The result: legal dust-ups at almost every turn of Latter-day Saint history since the church’s inception in 1830. The various ways its leaders used corporate entities to conduct church affairs have spawned public controversy, lawsuits, inheritance disputes and other reactions, according to Oman, akin to issues such as polygamy or pioneer-prophet Brigham Young’s heavy parochial hand in Utah’s territorial government.

While the notion has been spread on the edges of other Mormon histories, Oman said in an interview, “if you look at legal personality as its own story, it’s really fascinating.”

Oman, a professor at William & Mary Law School in Williamsburg, Va., said the progression through a series of legal incarnations brought bitter legal fights to the church and its leaders across the late 19th and early 20th centuries, making it “one of the key points of conflict between the Latter-day Saints and American society.”

The $100 billion question

(Christopher Cherrington | The Salt Lake Tribune)

Some faithful Latter-day Saints and church critics alike casually refer to it as “LDS Corp.” — a term sometimes used to portray business-centered aspects of the faith as rising above its Christian ministry and global humanitarian efforts.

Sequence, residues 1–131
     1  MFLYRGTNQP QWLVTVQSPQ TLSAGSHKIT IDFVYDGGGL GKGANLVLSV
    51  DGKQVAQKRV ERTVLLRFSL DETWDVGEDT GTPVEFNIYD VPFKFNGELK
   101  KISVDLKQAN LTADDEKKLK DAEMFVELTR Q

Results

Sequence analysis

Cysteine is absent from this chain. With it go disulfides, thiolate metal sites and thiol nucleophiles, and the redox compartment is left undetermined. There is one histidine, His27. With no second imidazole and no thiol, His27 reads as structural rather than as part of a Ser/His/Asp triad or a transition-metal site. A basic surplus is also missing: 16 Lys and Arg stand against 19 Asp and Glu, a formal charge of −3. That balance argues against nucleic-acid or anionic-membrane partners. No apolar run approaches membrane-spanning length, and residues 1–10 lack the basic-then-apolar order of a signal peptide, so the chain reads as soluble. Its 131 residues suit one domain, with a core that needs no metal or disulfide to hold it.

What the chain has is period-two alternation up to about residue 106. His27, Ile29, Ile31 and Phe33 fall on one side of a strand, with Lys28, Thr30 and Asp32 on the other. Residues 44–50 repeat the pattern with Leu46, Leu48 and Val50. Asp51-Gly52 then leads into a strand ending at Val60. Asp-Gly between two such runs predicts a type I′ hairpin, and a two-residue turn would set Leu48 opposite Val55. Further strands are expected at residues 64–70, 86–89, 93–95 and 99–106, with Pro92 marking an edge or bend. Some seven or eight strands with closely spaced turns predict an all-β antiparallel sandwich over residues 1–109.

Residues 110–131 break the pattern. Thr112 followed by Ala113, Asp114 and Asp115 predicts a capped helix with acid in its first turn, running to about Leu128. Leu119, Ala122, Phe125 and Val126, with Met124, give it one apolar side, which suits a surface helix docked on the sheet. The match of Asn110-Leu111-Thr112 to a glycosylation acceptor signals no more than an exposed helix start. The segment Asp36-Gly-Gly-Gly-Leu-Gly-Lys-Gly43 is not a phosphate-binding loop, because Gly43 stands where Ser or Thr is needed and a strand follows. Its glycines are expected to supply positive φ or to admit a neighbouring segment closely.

That view and Oman’s new research have both taken on added meaning in light of revelations about the church’s finances since 2019.

An incendiary December 2019 whistleblower complaint to the IRS has alleged that through one of its investment arms, the Salt Lake City-based church piled up at least $100 billion in stock and mutual fund holdings while running afoul of tax laws requiring the cash be used for charitable purposes.

Instead, the tax complaint alleges that an Ensign Peak Advisors fund paid out $2 billion for church commercial ventures, including City Creek Center in downtown Salt Lake City — a claim church officials repeatedly have denied.

The assertions — contained in leaked documents submitted to the IRS by former Ensign Peak Advisors portfolio manager David Nielsen and his twin brother, Lars — have led to several lawsuits against the church’s top corporation, accusing its leaders of deceiving members over how contributions are used.